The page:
WILMINGTON - Senior bondholders who drafted the reorganization plan for bankrupt Six Flags should reveal their investments to determine if they fairly represented themselves to the theme park company, according to a court filing by creditors.

In November, Six Flags adopted a reorganization plan drafted by a group led by Avenue Capital Management, a hedge fund that holds a large portion of the theme park operator's senior or SFO bonds.

During negotiations, Six Flags management believed the Avenue Capital group also held at least 20 percent of the junior or SFI bonds and therefore represented the interests of those investors, according to court documents filed on Thursday by the official committee of unsecured creditors.

The junior noteholders, led by hedge fund Stark Investments, have launched a fight against the Avenue Capital plan, which they have said undervalues the company and limits their recovery.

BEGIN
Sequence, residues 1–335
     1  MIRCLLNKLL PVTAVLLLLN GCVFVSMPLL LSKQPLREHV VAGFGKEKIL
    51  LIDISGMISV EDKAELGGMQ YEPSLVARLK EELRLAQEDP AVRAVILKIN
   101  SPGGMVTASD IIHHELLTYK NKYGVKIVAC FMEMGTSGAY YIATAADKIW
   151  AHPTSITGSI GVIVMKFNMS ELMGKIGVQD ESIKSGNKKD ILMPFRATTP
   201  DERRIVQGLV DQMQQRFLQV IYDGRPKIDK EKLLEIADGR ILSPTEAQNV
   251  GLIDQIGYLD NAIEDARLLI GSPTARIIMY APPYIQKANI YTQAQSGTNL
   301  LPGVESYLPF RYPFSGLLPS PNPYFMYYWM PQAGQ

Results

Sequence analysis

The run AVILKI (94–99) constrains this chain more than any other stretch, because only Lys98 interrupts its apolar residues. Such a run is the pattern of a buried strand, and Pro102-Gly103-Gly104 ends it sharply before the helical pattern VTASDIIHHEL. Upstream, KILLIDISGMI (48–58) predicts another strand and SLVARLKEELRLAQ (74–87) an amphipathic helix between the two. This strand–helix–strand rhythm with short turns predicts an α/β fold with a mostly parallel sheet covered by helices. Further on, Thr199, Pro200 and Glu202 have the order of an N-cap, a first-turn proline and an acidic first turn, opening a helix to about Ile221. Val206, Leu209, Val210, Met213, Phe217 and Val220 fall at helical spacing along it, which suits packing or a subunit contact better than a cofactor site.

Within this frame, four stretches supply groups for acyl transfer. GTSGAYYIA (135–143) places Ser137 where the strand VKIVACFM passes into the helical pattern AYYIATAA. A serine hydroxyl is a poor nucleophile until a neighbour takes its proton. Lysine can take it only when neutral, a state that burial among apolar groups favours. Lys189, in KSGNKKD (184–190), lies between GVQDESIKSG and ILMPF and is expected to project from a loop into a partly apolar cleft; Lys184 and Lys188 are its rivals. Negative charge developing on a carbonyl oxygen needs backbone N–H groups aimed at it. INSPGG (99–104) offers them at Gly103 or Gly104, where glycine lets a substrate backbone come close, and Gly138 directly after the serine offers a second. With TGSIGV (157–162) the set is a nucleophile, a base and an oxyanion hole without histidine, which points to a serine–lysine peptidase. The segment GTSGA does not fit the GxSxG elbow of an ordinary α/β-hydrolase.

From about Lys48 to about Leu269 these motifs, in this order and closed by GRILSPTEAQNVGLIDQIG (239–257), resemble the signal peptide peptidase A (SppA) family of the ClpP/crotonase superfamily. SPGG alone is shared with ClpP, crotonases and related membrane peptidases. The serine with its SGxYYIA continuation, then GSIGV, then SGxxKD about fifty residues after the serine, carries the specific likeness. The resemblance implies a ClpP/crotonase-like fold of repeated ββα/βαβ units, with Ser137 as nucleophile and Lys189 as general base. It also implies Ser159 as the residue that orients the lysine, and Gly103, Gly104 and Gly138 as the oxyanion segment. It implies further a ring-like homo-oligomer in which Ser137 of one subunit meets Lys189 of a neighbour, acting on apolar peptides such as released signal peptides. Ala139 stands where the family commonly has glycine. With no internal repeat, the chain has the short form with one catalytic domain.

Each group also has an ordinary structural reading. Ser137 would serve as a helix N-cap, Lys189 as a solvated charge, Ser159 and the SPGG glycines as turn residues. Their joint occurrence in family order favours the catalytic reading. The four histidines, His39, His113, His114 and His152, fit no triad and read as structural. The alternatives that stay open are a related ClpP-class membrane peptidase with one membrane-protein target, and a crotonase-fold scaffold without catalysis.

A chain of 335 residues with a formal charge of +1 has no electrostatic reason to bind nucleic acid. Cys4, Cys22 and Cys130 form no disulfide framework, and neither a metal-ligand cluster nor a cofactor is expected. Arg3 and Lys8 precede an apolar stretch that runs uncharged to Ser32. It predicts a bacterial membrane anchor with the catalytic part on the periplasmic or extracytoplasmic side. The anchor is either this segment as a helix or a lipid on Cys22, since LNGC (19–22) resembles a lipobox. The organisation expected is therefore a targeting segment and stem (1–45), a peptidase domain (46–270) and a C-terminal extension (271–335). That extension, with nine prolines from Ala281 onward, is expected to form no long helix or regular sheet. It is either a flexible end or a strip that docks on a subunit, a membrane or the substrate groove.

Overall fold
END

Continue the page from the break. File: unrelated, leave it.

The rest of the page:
The creditors' committee said that during talks with Six Flags about forming a reorganization plan, the Avenue Capital group held about $200 million in SFI claims.

About the same time the SFO Noteholder Committee was negotiating plan terms and representing themselves to own SFI notes, members of the SFO Noteholder Committee were engaging in transactions to take advantage of, or at least protect themselves against, the negative treatment they were seeking to impose on holders of SFI notes under the SFO plan, the filing said.

The committee asked the court to prevent members of the Avenue Capital group from participating any further in the case if they did not reveal their holdings and when they sold their junior note claims.

Avenue Capital and Six Flags could not immediately be reached for a comment.

The case is In re: Premier International Holdings Inc, U.S. Bankruptcy Court, District of Delaware, No. 09-12019. (Reporting by Tom Hals, editing by Maureen Bavdek)